As we begin fractions, I believe it is very important for students to practice counting fractions on a number line. I use a large number line on my whiteboard throughout the year, but this can also be done as projected activity, or if students are adept with number lines, on an individual whiteboard.
The number line is marked with zero and one at opposite ends, and I think it is important to do this in front of students - mark off different tick marks for different unit fractions including fourths, eighths, and halves. I begin with marking 1/2. Then model being very deliberate in determining where, and mark the fourth marks for 1/4 and 3/4.
To help my students determine the fractional amount, I first have them count the tick marks on the number line including one, to find the denominator. We discuss the number line is marked of in eight parts, or four parts, or whatever unit I am using to match the number line. The numerator is determined with counting.
It is also important to show students that each mark on the number line can represent more than one fraction. Counting fractions is an important step to the development of conceptual understanding.
During this lesson the students will each be creating a model of a unit fractions with halves, thirds, fourths, sixths, and eighths. These are the fractions listed in the Common Core Standards for third grade students, although it is also important for students to realize fractions exist in all units.
I model creating examples and non-examples by tracing a small book on white paper. I cut out two pieces and fold one to show fourths, and one to show four sections but not evenly folded. This second one creates the non-example of fourths. It is important students make this observation, so I suggest you pass it around and have students look closely and discuss what they see.
I also explain, "This is not fourths because each section is a different size from all the other sections." This explanation is important and it will be used by the students during independent work.
I chose a small book to trace because it is small enough to manage, and large enough to fold easily for the different fraction models. I explain to the students they will be using different items found by them in the classroom for each of the different unit fractions.
With a partner, students will create models of their choosing to show examples of each of the unit fractions along with a non-example to compare. Through the progressions with the standards for fractions students will be adding fractions with different denominators in fourth and fifth grade, and it is important for students to consider these different types of fractions.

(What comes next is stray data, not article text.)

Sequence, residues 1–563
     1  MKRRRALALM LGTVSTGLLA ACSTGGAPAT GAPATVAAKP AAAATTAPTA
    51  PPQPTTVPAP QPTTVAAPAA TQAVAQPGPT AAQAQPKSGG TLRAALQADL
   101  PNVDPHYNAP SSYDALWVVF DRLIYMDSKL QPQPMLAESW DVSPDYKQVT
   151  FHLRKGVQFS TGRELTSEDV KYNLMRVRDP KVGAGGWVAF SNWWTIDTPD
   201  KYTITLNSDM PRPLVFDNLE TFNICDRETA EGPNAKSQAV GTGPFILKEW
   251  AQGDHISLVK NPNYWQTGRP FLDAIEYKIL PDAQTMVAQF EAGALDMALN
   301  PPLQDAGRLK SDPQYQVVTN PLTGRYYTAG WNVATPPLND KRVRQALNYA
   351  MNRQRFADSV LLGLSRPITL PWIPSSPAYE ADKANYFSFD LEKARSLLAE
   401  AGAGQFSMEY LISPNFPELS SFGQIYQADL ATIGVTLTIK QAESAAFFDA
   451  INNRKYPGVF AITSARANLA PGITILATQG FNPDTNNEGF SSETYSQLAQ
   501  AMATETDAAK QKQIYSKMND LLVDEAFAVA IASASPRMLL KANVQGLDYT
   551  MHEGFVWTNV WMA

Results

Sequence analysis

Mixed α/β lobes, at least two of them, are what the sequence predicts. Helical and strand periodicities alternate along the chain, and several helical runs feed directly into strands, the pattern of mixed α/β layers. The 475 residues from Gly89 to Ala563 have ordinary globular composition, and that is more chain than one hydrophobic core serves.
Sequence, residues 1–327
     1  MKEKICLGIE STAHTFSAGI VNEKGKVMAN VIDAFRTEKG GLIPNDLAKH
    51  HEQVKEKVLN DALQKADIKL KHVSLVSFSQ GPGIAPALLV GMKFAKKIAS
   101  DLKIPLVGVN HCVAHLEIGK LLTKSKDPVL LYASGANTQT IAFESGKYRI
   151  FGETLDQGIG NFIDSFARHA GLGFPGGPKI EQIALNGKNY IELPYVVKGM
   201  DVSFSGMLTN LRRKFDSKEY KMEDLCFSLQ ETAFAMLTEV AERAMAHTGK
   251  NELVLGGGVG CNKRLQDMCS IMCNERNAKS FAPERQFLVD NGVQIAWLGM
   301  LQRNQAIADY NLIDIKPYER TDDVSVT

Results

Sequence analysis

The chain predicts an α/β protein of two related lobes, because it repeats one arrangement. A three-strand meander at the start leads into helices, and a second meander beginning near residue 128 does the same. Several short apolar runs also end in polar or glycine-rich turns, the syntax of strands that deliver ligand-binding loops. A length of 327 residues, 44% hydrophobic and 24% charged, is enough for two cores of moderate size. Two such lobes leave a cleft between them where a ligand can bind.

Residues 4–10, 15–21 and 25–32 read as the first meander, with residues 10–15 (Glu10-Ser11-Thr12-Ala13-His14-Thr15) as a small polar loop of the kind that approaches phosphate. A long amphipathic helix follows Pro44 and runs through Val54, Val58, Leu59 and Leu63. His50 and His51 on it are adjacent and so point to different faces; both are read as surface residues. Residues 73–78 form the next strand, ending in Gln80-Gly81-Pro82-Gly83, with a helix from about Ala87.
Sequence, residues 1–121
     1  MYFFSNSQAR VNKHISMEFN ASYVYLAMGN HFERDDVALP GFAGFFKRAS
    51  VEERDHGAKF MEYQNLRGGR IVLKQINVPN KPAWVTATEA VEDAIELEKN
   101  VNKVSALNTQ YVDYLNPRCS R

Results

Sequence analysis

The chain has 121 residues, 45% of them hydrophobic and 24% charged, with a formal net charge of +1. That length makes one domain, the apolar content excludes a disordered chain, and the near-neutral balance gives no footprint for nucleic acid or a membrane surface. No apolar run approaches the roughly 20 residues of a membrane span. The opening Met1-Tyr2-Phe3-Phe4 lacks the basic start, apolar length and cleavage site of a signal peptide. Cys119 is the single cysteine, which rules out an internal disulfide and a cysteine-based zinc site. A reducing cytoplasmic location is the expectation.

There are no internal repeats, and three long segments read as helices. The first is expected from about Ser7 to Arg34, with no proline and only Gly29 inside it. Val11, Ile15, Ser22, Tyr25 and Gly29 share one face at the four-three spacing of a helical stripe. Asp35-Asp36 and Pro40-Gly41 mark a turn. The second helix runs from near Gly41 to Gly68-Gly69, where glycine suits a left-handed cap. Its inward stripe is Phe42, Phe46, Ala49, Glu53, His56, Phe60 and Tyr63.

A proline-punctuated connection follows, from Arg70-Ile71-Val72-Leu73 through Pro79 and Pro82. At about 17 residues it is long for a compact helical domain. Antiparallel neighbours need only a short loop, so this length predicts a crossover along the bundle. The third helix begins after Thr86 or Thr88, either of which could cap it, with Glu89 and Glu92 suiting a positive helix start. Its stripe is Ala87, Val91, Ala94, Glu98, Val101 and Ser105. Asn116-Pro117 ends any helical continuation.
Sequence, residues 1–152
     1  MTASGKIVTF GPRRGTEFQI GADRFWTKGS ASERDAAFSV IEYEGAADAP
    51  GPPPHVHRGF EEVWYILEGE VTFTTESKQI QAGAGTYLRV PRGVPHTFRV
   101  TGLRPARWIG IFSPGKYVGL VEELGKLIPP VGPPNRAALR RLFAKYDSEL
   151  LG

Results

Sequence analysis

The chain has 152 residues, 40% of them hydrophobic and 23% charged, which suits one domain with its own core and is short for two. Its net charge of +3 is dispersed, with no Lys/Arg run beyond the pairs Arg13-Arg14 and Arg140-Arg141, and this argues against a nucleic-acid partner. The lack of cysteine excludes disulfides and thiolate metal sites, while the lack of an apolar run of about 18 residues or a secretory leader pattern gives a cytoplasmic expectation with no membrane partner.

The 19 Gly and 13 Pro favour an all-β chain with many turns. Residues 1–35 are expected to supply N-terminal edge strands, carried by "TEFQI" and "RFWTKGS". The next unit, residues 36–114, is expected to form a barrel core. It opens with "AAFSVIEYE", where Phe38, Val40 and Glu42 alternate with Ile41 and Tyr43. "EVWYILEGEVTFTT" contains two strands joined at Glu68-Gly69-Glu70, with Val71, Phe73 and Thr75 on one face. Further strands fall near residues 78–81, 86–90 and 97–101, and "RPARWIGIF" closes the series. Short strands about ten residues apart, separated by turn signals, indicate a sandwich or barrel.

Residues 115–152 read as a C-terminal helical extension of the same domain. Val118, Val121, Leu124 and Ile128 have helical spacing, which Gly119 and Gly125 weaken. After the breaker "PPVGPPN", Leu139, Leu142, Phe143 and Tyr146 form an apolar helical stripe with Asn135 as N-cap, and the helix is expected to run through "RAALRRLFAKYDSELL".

Because we have created other equal unit fraction models at this point, some of this is review. The activity that is different for today's lesson is that students will be using items of their choosing of different sizes, tracing, and folding paper to show the unit fractions. They will use the same item to fold and create a non-example of the unit fraction.
For this lesson, students work with a partner This lesson gives the students practice working with unit fractions, precision, and problem solving to fold pieces of papers to create models. Some of the students with fine motor skills issues require assistance.
Students trace many different items in the classroom including small boxes and containers, tissue boxes, books, geoboards, and iPads. The only requirement is the item has to fit on an 8 1/2 by 11 sheet of paper.
The students trace the item two times, cut, and then create the unit fractions and non-examples of unit fractions on the same model.
If there is time (or early finishers) students are given the opportunity to create a display of their fractions using construction paper.
Closing the lesson, students share their work and examples with a partner. Students use the sentence stems:
This is an example because ________ .
This is a non-example because ___________.
I choose to use sentence stems so that students are focused on the math talk, explaining their thinking to another student. We are utilizing Mathematical Practice 3 - Construct viable arguments and critique the reasoning of others - to communicate their reasoning to another student. Students are also expected to give each other feedback, and ask questions.